The Supreme Court, often cited by researchers as “the most powerful court in the world”, works as both a constitutional court – listening to matters which require interpreting the Constitution – as well as a court of appeal. Any judgment and order from any court or tribunal in the country can be challenged before the Supreme Court.

Many practising lawyers and academics have written about the “litigation explosion” in the Supreme Court. At the end of its first year in 1950, the Supreme Court had 8 judges and disposed of 525 matters, while 690 remained pending. Today it has 34 judges and disposes of, on an average, more than 40,000 cases each year. The court has a backlog of more than 70,000 cases currently.

The Indian Supreme Court handles a large number of cases for the apex court of a country. For comparison, the United States Supreme Court admitted only 82 out of 8,800 appeals filed before it in 2009-’10. The judges at the Indian Supreme Court have themselves said that they “feel over-burdened and have been working under acute work pressure”.

To understand why this massive backlog exists, it is important to look at what kind of cases the Supreme Court takes up.

What is primarily responsible for this glut?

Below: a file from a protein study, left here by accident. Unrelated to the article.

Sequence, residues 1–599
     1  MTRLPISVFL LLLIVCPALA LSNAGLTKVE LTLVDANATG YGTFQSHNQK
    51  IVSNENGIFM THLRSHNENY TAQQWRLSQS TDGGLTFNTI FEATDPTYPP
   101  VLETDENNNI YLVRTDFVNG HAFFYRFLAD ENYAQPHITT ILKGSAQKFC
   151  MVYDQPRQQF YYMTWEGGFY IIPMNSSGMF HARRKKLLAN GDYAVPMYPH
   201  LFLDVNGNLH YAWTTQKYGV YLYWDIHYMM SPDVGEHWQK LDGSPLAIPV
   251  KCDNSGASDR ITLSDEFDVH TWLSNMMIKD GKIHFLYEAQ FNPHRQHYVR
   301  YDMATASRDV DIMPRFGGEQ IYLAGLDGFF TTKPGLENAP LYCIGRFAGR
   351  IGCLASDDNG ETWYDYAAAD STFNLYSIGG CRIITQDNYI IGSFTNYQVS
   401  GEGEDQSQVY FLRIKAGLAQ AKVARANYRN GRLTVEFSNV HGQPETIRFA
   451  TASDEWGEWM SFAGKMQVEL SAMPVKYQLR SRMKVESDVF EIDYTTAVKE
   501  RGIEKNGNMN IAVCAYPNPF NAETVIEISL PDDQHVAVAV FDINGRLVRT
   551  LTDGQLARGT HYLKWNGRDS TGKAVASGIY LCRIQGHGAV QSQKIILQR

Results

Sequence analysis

There are various ways a case can reach the Supreme Court as per the Constitution: through a writ petition to enforce fundamental rights, through an appeal of a judgment of the High Court if the High Court certifies that the matter pertains to a substantial question of the law, amongst many other conditions. However, there is a provision by which someone can approach the Supreme Court directly to appeal against a judgment of any court (except a military court) or tribunal in India – special leave petitions under Article 136 of the Constitution.

This special leave jurisdiction of the court was meant to be used only as a “residual jurisdiction” to be “invoked only in the most exceptional cases.” However, over the years, a large part of the courts’ burden is a result of these special leave petitions.

Currently, almost two days – Mondays and Fridays – out of the five working days are taken up just to hear which of these special leave petitions the court should take up. This eats up almost 40% of the court’s time. On these days lawyers are given only a few minutes to in front of a judge. Once it has been accepted, the petitions are heard along with regular court matters.

A seminal 2011 study done by a legal researcher, Nick Robinson, shows that out of 68,000 petitions before the Supreme Court for admission, 84.6% were special leave petitions while only 1.8% were for enforcement of fundamental rights. For comparison: in 1985, 41% of petitions for admissions were for enforcement of fundamental rights.

The Supreme Court itself has expanded the kind of cases it takes up under Article 136 and has also refused to set any guidelines on what kind of cases can come under it. Academics Madhav Khosla and Ananth Padmanabhan write that “the Court has continued expanding the scope of Article 136 to the point where it is unclear what is excluded from its purview”.